“How will they govern if elected?” That was the question with which I ended my last column published on February 8, 2008. Since that date the “they” has been reduced by one. Mitt Romney has withdrawn. So either, Senator John McCain, Senator Hillary Rodham Clinton or Senator Barrack Obama will be the next President of the United States.
Which one of these candidates is the most likely to effectively exercise political power and discretion, ie. “To hear before anyone else the distant hoof beats of the horse of history?” as Bismarck famously remarked.
Former Harvard Professor, contributing writer for the New York Times, now a Member of Canada’s Parliament and Deputy Leader of Canada’s Liberal Party, Michael Ignatieff assesses the overall probability that any of these candidates will do that as at best unlikely. In doing so, he recounts a British Prime Minister’s comment when asked what made his job so difficult. “Events, dear boy,” the Prime Minister instantly replied.
“Few of us hear the horses coming,” says Ignatieff. The few that do recognize as did Machiavelli, that political judgment, to be effective must follow principles more ruthless than those acceptable in ordinary life. Machiavelli wrote that “it is necessary for a prince wishing to hold his own to know how to do wrong, and to make use of it or not according to necessity.”
As Professor Ignatieff points out, Roosevelt and Churchill knew how to do wrong, yet they did not demand to be judged by different ethical standards than their fellow citizens did. They accepted that democratic leaders cannot make up their own moral rules and these strictures apply both at home and abroad.
If George W. Bush and his “team” had “heard the horses coming” and not demanded to be judged by different legal and ethical standards than their fellow citizens of the United States and the world, then would there have been the issues raised over Guantanamo and Abu Ghraib or anywhere else? The answer is probably not!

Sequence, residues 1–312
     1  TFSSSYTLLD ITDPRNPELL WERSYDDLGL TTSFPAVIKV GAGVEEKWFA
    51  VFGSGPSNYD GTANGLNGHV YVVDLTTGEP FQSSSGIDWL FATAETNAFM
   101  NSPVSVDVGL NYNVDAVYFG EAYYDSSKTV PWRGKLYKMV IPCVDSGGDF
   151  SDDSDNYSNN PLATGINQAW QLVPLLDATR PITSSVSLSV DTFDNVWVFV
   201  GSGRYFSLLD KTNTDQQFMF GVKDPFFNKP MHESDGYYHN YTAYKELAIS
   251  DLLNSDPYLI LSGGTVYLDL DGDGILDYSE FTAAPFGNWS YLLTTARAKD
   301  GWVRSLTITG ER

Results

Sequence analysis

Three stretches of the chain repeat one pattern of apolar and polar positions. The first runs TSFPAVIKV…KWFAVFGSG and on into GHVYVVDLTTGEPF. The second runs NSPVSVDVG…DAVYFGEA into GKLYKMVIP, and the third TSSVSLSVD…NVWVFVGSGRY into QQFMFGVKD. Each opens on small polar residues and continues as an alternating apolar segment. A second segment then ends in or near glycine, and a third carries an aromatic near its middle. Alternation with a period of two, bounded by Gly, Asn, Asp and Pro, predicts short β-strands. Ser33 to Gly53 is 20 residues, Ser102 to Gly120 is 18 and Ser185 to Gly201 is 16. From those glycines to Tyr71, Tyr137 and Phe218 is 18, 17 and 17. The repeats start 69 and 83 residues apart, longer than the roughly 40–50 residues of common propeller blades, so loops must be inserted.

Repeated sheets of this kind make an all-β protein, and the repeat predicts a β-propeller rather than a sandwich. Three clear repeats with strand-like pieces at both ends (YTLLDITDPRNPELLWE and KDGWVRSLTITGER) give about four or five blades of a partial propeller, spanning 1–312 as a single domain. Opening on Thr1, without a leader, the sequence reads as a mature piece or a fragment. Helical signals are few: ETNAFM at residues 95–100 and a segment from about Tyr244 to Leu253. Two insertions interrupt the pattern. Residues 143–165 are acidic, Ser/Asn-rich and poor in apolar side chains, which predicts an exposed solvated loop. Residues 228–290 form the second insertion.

In some areas however, political and personal judgments are very different. Ignatieff illustrates several of these areas. In private life you take attacks personally. You would be considered cold and unfeeling if you didn’t. In politics, the conventional wisdom is that if you take attacks personally, you display vulnerability. Politicians therefore try to appear invulnerable without appearing inhumane.
The conventional wisdom in politics as Ignatieff points out is that, “Nothing is personal in politics because politics is theater.” This is exhibited over and over again in legislatures where Representatives and Senators insult one an other in the chamber and then retreat for a drink at a bar or a restaurant afterward. This institutionalized hypocrisy is generally not available in private life. There, we mean what we say, say what we mean and we plan revenge for being insulted.
We do however in private life put less emphasis on words than on what we mean by them. There is no such courtesy in politics. In public life language is a weapon of war and is deployed in a way that engenders radical distrust of politicians. All that matters is what you said not what you meant. Everything said in politics is potentially open to be taken literally. Senator John McCain’s comment about “being in Iraq for a hundred years,” Bill Clinton’s comment about Barrack Obama’s politics on Iraq being a “fantasy” and his acknowledgment of Ronald Reagan’s transformative presidency, Hilary Clinton’s “racially insensitive” comment about the relationship between Martin Luther King and President Lyndon Johnson’s accomplishments in the field of civil rights.
There is starting to be an adverse reaction to “politics as theater.” This reaction has been noticed and is being monitored and even pandered to by all three presidential campaigns in the form of their scripted message of “Change.” This “Change” is defined differently by each candidate because they are appealing to different constituencies. The Change desired by those constituencies is different and in some respects conflicted. Politics is still theater in 2008. Campaigns are the warm-up for the final Act of Governance. As we are all learning, they do not help us measure a candidate’s ability to exercise good judgment. Campaigns and primaries test a candidates charm, stamina, money raising ability and rhetorical powers but not their leadership skills, judgment and coolness under fire. Those will be examined in my next column.